The Egyptian government on December 14th unveiled four newly renovated halls of the celebrated Tutankhamun gallery in the Egyptian Museum in Cairo as the facility undergoes a complete overhaul.
The halls, opened by Prime Minister Ibrahim Mahlab, house treasures from the tomb of the 19-year-old boy king which were unearthed in 1922 in the temple city of Luxor. Tutankhamun’s tomb had been untouched for some 3,000 years until the British archaeologist Howard Carter found it after years of fruitless excavations making it one of the most significant archaeological discoveries of the 20th Century.
The renovation of the halls located at the eastern entrance of the Tutankhamun gallery is part of a seven-year project to refurbish the entire museum overlooking Tahrir Square, and in turn revive downtown Cairo. The renovation works have been aided by funds from the European Union and other international donors.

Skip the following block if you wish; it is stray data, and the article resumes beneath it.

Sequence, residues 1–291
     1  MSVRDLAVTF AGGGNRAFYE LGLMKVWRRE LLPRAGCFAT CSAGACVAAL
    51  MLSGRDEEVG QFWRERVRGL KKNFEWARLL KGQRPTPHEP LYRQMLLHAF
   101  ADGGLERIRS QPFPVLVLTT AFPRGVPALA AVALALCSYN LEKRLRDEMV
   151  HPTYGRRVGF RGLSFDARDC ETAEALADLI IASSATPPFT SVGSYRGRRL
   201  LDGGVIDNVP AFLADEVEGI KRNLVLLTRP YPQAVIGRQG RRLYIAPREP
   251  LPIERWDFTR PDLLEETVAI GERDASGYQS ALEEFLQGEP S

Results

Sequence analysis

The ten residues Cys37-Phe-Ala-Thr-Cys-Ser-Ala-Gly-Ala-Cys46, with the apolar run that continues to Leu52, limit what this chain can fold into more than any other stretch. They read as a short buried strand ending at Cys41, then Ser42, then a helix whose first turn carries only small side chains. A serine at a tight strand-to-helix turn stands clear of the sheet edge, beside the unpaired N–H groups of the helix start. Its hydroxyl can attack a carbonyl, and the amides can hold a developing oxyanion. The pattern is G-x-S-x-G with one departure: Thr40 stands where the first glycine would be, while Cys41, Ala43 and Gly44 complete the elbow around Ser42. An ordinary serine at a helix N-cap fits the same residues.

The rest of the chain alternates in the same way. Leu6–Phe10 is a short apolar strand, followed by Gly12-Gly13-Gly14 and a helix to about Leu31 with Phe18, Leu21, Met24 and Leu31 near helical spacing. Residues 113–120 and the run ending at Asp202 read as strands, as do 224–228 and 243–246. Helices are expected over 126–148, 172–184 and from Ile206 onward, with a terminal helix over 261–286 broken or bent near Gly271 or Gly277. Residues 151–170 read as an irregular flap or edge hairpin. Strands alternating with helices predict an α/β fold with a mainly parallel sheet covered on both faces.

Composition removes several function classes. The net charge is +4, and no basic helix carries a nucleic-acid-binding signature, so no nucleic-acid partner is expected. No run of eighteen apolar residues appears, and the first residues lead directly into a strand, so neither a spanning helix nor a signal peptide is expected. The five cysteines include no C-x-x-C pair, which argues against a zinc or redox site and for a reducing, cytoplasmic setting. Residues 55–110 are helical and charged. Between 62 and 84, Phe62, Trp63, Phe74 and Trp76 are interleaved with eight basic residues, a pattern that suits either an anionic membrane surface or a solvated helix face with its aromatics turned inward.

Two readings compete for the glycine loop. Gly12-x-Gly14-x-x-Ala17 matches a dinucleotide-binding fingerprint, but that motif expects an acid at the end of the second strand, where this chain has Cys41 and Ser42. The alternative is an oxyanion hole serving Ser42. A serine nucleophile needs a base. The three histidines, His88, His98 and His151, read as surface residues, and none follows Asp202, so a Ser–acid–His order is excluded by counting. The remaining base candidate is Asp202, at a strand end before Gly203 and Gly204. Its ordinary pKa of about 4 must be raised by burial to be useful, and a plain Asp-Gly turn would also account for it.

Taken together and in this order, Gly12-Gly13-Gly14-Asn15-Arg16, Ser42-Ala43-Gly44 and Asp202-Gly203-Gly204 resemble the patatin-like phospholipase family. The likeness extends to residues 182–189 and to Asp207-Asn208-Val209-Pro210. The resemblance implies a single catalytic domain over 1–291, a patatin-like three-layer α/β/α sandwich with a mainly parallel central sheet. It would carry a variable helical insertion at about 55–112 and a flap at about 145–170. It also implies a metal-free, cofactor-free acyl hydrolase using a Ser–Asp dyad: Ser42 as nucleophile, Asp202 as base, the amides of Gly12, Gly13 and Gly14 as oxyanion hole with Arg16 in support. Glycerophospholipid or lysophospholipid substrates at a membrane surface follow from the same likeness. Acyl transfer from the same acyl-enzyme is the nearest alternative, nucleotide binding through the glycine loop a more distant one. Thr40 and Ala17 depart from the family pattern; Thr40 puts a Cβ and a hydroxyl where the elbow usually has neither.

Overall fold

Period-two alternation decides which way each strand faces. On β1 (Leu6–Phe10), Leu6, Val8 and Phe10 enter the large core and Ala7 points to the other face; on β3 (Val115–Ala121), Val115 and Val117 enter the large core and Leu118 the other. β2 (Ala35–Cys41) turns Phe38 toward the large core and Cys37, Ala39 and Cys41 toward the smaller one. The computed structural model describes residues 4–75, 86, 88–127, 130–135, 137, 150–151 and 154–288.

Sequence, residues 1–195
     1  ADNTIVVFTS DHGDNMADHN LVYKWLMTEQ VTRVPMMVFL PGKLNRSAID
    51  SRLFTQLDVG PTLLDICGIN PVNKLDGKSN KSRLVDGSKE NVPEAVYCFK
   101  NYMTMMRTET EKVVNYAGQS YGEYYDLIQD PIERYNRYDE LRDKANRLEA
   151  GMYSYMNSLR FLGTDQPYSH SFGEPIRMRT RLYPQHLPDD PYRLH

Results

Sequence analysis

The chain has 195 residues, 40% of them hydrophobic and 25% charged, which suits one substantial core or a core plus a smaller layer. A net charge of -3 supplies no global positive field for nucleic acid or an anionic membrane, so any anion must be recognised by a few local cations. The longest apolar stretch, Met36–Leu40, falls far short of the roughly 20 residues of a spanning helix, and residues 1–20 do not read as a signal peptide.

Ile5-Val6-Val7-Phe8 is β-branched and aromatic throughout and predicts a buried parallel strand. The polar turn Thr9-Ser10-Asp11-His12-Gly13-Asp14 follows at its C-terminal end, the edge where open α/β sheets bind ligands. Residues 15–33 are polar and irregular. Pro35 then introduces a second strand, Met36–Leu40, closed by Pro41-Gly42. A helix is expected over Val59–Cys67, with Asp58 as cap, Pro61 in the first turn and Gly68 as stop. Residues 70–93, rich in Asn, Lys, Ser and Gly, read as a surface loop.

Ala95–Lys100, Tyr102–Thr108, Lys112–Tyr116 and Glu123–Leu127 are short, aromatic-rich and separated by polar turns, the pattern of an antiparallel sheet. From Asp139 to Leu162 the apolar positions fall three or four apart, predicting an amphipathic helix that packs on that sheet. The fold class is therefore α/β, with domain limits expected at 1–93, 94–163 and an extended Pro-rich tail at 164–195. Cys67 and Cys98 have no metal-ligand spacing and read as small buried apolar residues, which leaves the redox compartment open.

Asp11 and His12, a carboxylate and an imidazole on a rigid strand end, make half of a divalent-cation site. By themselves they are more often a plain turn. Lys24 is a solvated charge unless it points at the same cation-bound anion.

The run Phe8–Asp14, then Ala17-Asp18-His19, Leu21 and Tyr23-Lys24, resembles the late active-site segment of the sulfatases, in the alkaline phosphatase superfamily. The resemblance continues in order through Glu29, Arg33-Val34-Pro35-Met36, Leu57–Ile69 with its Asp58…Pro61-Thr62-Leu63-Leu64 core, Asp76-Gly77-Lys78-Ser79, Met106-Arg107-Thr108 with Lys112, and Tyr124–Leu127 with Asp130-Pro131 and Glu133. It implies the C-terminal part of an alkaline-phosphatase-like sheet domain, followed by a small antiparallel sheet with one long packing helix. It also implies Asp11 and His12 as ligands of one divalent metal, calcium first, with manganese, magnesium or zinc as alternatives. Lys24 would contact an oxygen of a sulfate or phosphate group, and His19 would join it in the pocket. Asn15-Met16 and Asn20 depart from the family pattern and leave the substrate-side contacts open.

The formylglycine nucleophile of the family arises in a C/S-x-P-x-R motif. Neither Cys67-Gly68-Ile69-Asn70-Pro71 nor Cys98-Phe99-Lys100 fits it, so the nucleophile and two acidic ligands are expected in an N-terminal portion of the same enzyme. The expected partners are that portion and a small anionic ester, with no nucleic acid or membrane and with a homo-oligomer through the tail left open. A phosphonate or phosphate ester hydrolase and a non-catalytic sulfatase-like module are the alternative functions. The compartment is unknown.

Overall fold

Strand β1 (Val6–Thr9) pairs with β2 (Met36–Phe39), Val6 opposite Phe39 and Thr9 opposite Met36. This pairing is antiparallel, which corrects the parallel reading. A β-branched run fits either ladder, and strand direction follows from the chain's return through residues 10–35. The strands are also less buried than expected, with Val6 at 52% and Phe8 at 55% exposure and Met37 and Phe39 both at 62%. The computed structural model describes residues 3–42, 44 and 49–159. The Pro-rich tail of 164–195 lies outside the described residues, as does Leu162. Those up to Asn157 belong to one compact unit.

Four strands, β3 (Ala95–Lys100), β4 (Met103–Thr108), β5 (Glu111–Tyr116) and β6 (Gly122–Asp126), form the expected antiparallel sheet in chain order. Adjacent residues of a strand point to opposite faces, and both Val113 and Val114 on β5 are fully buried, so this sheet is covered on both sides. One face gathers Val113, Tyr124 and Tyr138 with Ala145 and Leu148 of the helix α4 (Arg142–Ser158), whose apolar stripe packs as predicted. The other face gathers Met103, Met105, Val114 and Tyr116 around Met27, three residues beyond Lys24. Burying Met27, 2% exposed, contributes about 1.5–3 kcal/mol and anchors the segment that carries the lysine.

James Moran, who heads the EU delegation in Cairo, said the bloc supported the project in order to help to boost Egypt’s tourism sector whose “revival… is fundamental for the economy”.
He said the EU would offer 92,500 euros ($115,000, £73,300) in 2015 to help renovate the eastern wing of Tutankhamun gallery.
The Egyptian Museum houses the largest collection of pharaonic artefacts and has witnessed several alterations since it was first opened in 1902.
Four years of political turmoil since the ouster of veteran leader Hosni Mubarak has battered the country’s economy amid falling tourist revenues and investments.